Discussing the Teaching and Learning Strategies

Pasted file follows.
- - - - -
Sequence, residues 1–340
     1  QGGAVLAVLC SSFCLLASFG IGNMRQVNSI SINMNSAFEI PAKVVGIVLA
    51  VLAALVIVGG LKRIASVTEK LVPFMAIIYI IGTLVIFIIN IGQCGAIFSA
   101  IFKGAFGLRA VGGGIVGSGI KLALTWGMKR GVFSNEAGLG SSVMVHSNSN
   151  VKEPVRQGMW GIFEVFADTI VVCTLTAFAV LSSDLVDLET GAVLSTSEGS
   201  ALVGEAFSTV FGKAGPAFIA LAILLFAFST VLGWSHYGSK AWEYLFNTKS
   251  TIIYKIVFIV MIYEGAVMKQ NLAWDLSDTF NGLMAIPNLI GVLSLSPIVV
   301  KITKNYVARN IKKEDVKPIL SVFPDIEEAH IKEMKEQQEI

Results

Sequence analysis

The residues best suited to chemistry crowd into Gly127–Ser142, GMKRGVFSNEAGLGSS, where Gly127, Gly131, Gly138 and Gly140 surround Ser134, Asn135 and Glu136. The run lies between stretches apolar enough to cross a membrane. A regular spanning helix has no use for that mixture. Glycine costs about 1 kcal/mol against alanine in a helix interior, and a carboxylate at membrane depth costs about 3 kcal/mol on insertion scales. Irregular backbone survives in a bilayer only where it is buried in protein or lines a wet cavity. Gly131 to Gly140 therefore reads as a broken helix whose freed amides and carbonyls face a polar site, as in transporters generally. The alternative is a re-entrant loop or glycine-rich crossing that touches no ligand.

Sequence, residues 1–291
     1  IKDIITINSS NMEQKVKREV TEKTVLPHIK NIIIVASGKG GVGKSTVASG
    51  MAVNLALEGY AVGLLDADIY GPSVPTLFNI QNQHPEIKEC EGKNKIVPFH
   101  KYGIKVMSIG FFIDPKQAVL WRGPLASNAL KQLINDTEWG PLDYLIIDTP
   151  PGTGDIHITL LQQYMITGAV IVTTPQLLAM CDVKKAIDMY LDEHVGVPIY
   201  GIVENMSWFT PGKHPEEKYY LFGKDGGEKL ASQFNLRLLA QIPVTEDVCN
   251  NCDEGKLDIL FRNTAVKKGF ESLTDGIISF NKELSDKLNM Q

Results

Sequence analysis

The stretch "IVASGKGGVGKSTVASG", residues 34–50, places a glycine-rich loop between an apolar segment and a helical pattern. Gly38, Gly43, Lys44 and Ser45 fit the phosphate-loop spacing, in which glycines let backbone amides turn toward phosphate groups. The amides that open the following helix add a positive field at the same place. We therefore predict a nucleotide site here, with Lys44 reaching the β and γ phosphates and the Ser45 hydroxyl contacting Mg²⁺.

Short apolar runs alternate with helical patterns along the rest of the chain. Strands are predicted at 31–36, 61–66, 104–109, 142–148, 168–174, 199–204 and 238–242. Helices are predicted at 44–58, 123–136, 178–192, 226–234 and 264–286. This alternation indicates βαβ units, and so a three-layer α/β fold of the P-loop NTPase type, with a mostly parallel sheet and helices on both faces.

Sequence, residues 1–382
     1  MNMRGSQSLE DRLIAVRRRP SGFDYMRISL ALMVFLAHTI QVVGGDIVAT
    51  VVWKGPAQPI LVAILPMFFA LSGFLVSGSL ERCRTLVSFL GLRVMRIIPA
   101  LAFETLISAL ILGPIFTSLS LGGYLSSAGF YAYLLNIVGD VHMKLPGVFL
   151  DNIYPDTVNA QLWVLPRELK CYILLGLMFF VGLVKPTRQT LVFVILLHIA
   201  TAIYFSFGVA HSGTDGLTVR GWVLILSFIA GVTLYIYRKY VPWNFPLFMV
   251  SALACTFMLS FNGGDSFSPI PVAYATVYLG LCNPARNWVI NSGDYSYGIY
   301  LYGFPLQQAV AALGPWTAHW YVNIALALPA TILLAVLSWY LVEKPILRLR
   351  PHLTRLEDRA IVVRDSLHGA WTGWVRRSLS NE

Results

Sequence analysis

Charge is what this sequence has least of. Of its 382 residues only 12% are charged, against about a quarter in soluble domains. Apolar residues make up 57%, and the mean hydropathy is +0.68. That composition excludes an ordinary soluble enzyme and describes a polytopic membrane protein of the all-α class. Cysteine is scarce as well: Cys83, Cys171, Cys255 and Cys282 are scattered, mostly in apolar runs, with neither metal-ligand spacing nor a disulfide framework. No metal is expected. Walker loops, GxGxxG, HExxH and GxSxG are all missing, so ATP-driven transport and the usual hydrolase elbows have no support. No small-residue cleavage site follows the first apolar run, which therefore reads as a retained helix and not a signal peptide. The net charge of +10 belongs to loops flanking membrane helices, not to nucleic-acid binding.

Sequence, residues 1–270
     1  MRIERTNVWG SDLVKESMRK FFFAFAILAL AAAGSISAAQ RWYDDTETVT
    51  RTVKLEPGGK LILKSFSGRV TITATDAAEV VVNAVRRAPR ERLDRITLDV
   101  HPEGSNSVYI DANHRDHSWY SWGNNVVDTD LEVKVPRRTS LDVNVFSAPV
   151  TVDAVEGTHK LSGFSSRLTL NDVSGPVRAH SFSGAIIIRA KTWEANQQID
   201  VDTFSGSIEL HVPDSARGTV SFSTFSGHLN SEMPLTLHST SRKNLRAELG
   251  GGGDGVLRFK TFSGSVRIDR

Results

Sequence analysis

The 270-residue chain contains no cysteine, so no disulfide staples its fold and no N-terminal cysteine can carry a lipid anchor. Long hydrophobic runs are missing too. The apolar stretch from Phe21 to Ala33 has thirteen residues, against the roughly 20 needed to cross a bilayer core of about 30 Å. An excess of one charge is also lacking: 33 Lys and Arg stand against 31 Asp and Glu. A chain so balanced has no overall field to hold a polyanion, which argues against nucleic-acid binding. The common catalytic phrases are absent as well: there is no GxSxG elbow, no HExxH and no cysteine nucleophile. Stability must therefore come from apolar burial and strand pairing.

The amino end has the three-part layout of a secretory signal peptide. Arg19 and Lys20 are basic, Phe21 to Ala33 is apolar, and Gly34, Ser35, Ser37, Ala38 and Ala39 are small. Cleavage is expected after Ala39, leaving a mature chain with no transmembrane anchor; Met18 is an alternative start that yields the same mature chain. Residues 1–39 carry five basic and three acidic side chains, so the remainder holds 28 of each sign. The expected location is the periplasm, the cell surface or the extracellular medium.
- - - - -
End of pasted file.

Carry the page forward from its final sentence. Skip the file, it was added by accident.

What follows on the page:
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Teaching and learning strategies used in an actual session and to be delivered during professional practice. The strategies to be used will depend on several different components, e.g. the ability, knowledge and background of learners, the subject, differing learning styles etc. John Dewey (1859-1952) believed that formal schooling was falling short of its potential. He emphasised facilitating learning through promoting various activities rather than by using a traditional teacher-focused method. He believed that children learnt more from guided experience than from authoritarian instruction. He subscribed to learner-focused philosophy and argued that learning is life, not just preparation for life. This is also applicable to adult learners. Using different teaching methods, combined with learner activities, will help reach the different learning styles of the individuals we are teaching. Fleming (1987) categorised learning styles as visual (seeing), aural (hearing) and kinaesthetic (doing). Gravells. A, Simpson. S, (2010) Second Edition, Planning and Enabling Learning in the Lifelong Learning Sector. Exeter: Learning Matters We have clearly come a long way from the ‘traditional’ teaching and learning beliefs that were practiced before John Dewey pioneered learner-focused teaching. Learning in the classroom and in the workshops/salon floor will be enhanced when using appropriate learning techniques and taking your learners preferred learning styles into consideration is a vital factor in this. According to data collected from a questionnaire submitted to students aged 11 to 18 years and provided by M. Hebditch, Gillingham School Dorset,1990: Students like action, talking in groups, making things, being involved. The more traditional ways of learning, i.e. Essays, Lectures, Time schedules etc., were definitely less popular. Petty G,(2009) Fourth Edition Teaching Today. Cheltenham: Nelson Thornes, p140 This is most likely true when thinking back on our own learning experiences but more recently, when reflecting on the first peer teaching sessions, it could be seen that by including the audience of students/peers with an active task you will ensure their attention and inclusion more easily than just by delivering a lectured lesson. For my own ‘Peer Teach’ I chose the topic of ‘Contraindications’. On reflection I possibly did not include all my peers as much as I wanted to and was also guilty of presuming my peers would have some sort of prior knowledge of the subject. Also I crammed too much information into a short time span. This meant that I wasn’t able to interact sufficiently and encourage my peers to have group discussion and questions on the subject. Comparing and contrasting my session with some of my peers sessions, I could see that in most of the sessions where students had to do things or be involved in some way then a greater degree of learning was witnessed. (Please see previous Section 2 of assignment, Peer teach session plan, rational and feedback) The teachers enthusiasm is of great contribution and forms an important part of a successful lesson but your enthusiasm and interest does not always go hand in hand with that of your students, students do not necessarily find the same things exciting as you do. It is of greater importance that we find out and know what students like and what makes them tick. I am privileged to gain my teaching experience in a very well established, specialised hairdressing training centre, Herbert of Liverpool training centre (HOL). It is in the interest of the centre to provide all students with the necessary tools to achieve their ambitions and goals in life. Helping them to prepare for future employment and life. HOL is working closely with VCTC,...
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